The last thing to consider when making any improvement to an investment property is the installed cost.  Using some rough numbers, the total cost for the install for our example above should be: 4 x $15 (ballast replacements), 8 x $4 (T8 lamps), 4 x $55 (Electrician’s hourly rate) = $312 installed.  Obviously, markup, electrician’s rates, taxes, etc. will vary slightly, but it is not a significant cost (it really should only take a qualified electrician 30 minutes per fixture, not one hour above).

Within the first year, not only has the investment paid for itself with the electrical savings, but your investment property is now worth more ($3,480 more in our example).  Not all improvements will have a simple payback of less than one year, but most improvements will easily pay for themselves a couple of times over their useful life with the savings from the operating costs.

Check back for additional energy efficiency improvements for your MF investment.

 

A Lesson from the Past (#1)

Quarry Climbing

In order to make sure you do not fail at ANYTHING in life, you must study the past.  More specifically, you must study the history of your current pursuit in which you want to succeed.  Studying art history does not help with an environmental engineering degree.

I didn’t understand this when I was studying to become an engineer.  (Note to my parents: Don’t read the next few sentences)  Rather than study the history of my specific engineering specialty, I spent my time studying investment theory (specifically stocks) and rock climbing techniques (I was an avid rock climber).  Needless to say, I struggled through my engineering degree.

Fast forward a few years.  I’ve graduated from college with my engineering degree, quite a few good texts about investing, and too many pairs of climbing shoes.  My current studies now focus on real estate investment.  However, in addition to modern day investment theory, I also study the causes of problems in the past; the Great Depression, Black Tuesday, etc.  Understanding how these events came about and unfolded allows me to forecast the future, to avoid and not repeat the mistakes of the past.

I started to read “How I Turned $1,000 into Three Million in Real Estate — In my Spare Time” by William Nickerson.  In the first chapter, Nickerson has a section titled “Opportunity is Always Knocking”.  While I do struggle with depression at times, I firmly believe that there is an overabundance of opportunity, you only need to look for it (See: Opportunity).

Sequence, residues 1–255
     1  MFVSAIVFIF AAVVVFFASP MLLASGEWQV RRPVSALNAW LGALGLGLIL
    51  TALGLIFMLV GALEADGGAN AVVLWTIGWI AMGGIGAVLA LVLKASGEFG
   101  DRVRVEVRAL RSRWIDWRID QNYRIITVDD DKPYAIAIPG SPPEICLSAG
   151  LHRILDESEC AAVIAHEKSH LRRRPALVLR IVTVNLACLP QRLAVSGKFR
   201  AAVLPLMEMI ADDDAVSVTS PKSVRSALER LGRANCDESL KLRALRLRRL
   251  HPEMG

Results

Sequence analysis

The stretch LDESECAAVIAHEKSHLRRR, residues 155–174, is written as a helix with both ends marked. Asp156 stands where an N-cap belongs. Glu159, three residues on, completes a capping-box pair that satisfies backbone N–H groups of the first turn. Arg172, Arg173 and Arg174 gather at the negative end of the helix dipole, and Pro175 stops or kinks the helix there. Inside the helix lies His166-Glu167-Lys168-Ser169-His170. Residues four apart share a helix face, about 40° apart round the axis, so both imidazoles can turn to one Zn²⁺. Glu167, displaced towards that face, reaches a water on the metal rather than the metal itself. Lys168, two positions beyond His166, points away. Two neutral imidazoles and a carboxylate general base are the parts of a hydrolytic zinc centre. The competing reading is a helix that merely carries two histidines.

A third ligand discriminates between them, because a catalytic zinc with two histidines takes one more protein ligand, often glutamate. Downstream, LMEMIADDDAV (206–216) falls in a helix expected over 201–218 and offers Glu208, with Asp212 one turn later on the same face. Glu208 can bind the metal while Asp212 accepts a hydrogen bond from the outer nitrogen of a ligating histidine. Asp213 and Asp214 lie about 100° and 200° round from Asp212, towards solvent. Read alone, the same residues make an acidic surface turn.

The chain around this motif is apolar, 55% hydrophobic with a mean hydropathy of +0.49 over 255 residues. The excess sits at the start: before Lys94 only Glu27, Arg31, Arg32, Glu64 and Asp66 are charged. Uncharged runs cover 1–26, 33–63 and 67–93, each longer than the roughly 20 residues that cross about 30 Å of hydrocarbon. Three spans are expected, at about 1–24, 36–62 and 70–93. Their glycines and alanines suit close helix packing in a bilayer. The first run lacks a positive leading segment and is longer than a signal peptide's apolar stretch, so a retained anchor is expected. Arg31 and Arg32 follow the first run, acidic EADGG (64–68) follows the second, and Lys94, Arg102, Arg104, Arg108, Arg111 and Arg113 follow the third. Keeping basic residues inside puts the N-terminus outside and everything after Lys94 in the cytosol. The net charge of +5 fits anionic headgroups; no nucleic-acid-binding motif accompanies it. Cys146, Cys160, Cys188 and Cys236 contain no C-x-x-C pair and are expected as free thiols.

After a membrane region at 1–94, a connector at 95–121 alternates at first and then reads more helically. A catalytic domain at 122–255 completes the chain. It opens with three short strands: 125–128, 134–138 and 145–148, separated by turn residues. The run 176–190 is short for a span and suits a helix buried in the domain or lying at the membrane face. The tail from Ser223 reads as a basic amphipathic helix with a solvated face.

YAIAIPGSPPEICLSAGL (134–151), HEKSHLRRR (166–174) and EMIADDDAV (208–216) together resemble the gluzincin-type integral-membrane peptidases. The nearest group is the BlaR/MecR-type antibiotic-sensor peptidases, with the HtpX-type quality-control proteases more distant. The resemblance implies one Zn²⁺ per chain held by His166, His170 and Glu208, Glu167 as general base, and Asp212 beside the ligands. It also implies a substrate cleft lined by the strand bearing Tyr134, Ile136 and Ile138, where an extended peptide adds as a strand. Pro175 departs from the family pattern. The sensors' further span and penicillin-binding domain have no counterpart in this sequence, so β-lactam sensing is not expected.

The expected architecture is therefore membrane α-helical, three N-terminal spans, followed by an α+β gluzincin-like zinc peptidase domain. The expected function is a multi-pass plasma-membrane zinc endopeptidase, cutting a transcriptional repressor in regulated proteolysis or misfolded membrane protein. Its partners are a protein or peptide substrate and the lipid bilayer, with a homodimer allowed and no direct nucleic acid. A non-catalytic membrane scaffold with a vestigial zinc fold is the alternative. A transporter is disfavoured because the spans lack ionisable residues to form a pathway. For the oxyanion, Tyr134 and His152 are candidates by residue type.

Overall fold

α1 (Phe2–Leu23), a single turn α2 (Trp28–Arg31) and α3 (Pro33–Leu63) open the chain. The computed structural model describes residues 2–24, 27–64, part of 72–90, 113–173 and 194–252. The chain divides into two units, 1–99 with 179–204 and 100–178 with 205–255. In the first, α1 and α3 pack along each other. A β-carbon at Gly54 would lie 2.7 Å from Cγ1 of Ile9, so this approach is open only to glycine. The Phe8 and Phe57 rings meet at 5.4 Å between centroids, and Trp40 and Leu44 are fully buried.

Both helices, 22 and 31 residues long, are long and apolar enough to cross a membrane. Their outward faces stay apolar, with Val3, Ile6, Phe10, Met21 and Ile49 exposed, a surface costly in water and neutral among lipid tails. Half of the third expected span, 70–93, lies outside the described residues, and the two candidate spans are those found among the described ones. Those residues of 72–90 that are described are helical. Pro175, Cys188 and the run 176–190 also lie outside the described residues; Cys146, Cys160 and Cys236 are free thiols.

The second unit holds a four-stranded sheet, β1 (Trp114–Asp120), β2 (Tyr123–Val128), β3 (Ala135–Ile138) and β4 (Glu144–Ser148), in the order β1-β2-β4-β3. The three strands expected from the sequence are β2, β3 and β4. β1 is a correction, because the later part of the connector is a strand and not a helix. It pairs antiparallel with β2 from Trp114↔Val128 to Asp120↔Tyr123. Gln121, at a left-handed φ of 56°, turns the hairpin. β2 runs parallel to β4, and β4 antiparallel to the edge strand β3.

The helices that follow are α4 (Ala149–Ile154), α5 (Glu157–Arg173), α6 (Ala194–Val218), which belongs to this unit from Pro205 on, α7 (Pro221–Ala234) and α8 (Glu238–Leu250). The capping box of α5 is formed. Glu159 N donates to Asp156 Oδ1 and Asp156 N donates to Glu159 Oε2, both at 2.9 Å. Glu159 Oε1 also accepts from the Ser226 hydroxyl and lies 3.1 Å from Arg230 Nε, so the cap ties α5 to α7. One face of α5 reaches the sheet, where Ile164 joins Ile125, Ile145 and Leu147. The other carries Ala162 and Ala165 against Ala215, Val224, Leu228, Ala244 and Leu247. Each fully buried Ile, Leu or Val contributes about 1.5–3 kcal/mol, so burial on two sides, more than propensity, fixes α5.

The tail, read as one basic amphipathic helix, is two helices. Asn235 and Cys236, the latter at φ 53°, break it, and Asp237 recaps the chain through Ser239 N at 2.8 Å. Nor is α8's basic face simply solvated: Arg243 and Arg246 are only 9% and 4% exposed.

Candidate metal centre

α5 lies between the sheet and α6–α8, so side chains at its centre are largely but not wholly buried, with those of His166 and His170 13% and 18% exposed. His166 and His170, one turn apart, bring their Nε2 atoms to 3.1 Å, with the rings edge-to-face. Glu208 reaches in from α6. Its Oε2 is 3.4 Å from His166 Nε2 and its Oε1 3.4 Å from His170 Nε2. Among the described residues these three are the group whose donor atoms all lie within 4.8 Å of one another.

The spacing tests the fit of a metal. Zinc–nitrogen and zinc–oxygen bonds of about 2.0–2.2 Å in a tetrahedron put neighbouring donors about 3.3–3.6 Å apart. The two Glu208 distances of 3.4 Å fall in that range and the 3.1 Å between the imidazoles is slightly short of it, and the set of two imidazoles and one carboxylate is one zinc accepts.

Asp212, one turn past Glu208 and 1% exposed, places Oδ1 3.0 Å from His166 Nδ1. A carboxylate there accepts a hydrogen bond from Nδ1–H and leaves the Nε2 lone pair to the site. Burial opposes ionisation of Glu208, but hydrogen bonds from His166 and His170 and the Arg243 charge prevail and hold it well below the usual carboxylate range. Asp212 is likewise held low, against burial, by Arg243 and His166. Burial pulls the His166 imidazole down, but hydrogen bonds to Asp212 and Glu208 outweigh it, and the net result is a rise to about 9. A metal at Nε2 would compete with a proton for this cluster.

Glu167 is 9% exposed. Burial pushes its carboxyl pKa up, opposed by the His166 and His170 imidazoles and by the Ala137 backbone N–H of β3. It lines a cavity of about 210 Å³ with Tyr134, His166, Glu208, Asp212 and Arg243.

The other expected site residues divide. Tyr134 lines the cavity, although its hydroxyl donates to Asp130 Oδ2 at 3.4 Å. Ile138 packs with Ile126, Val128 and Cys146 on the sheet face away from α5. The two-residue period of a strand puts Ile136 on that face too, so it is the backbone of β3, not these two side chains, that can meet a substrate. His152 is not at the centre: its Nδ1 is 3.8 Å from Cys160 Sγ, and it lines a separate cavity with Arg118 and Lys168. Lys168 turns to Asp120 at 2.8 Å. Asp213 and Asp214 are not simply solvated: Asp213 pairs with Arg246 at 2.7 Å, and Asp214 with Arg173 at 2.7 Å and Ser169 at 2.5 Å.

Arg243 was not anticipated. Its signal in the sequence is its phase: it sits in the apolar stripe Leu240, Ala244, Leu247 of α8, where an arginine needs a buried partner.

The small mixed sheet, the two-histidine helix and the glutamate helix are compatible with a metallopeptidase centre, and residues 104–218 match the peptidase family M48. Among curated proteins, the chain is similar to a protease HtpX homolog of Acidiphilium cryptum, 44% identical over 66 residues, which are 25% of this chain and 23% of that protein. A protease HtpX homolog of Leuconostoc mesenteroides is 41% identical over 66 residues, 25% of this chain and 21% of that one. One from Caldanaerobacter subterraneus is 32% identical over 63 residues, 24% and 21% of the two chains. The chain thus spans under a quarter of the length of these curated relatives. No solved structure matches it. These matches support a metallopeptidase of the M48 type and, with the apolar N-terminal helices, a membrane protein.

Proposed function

In Nickerson’s “Opportunity” section, I came across the following quotes [edited for length]:
“In every year, in good times or bad, investment opportunities are always knocking, in spite of the pessimists who perennially lament, ‘There is no opportunity today.’ … The chances for success today offer less risk, by far, than those taken by our pioneer settlers and pioneer founders of government and industry. … Like the editors to whom I first submitted the initial chapters of this book, some of my friends now rationalize, ‘Nobody could start today with nothing as you did and build a fortune.  There just isn’t the opportunity in these times.’ … one of our friends summed up the depressing consensus of many, ‘The most you can look forward to is Social Security, and if you’re lucky a small [401k]. … Our economics instructor advised our class, ‘You might as well realize that the time for opportunity is past.  The best you can hope for is to keep a steady job and stay off welfare.  Nobody will ever again be able to build an estate big enough to produce an independent income.'”

How much of what you just read is appropriate today?  Everyone will say the perfect opportunities have already passed us all by.  They are sort of right.  The opportunities for yesterday have passed us by…the opportunities of tomorrow have yet to arrive.

Are you ready for them?

PS. Nickerson’s comment was published in 1959.

UFUO #1

UFUO #1.  This is the house that got everything started.

My Realtor and I were touring quite a few shabby single family homes, basements completely filled from floor to ceiling with trash (coffin shaped things filled with dirt…a little freaky), mushrooms growing from the ceiling, etc.  I was getting a little discouraged.  All the properties in my budget were horrible.  Not only would I have to worry about Dracula, but I’d also have to complete extensive renovations, all on a thread-bare shoe string budget.

The day we were touring the homes, Zillow.com was indicating a new listing a few blocks away.  I convinced my agent to show me the house.  Walking through the house, I was excited.  The house needed work (it still needs some work), but beyond some moldy bread, a stained carpet and a lack of good lighting, the house was mostly intact.  As we were standing in the kitchen, my agent turned to me and said “Liam, I think this is the one.”

I agreed.  We submitted an offer the next day.

As with any deal, there were a few bumps along the road, but as a whole, everything came together perfectly.  The house needed a little work: new switches, new outlets, work to bring the panel box up to code, shut-offs and a new water meter, a REAL good cleaning and a few new lights.  I was able to complete all of the work for under $2,500.  I don’t have many before/after pictures, but what I do have are found below.

Two weeks after closing on the property, I had it rented for $825/month.  It was a pretty good deal.  I texted my brother the picture of the keys about 5 minutes after I picked them up (my parents didn’t know about the house yet).

 

UFUO #2 Update 6

The stairs that I poly’d have dried for a little over a week.  I removed the old stair treads (as far as I can tell, probably original), cleaned the stringers, touched up some of the paint and started to install the new treads.  As of this writing, there is only one tread left to install; its cut, but needs some poly so it all looks good.

Flooring started to be installed last weekend.  My father-in-law wanted to see the place and he helped me get the flooring started.

Tomorrow, my dad and father-in-law will help me by painting the porch while I finish the steps and start installing the flooring in the living room.